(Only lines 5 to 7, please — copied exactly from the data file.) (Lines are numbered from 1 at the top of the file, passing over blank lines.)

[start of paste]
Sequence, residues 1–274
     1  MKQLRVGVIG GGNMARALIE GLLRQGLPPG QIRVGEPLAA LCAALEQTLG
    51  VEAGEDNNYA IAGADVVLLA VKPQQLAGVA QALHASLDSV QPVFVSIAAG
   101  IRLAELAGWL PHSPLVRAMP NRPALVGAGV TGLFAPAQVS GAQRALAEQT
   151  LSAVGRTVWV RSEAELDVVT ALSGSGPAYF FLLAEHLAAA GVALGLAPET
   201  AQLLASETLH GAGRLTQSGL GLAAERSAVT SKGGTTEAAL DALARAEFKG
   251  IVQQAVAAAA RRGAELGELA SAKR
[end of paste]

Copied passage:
   151  LSAVGRTVWV RSEAELDVVT ALSGSGPAYF FLLAEHLAAA GVALGLAPET
   201  AQLLASETLH GAGRLTQSGL GLAAERSAVT SKGGTTEAAL DALARAEFKG
   251  IVQQAVAAAA RRGAELGELA SAKR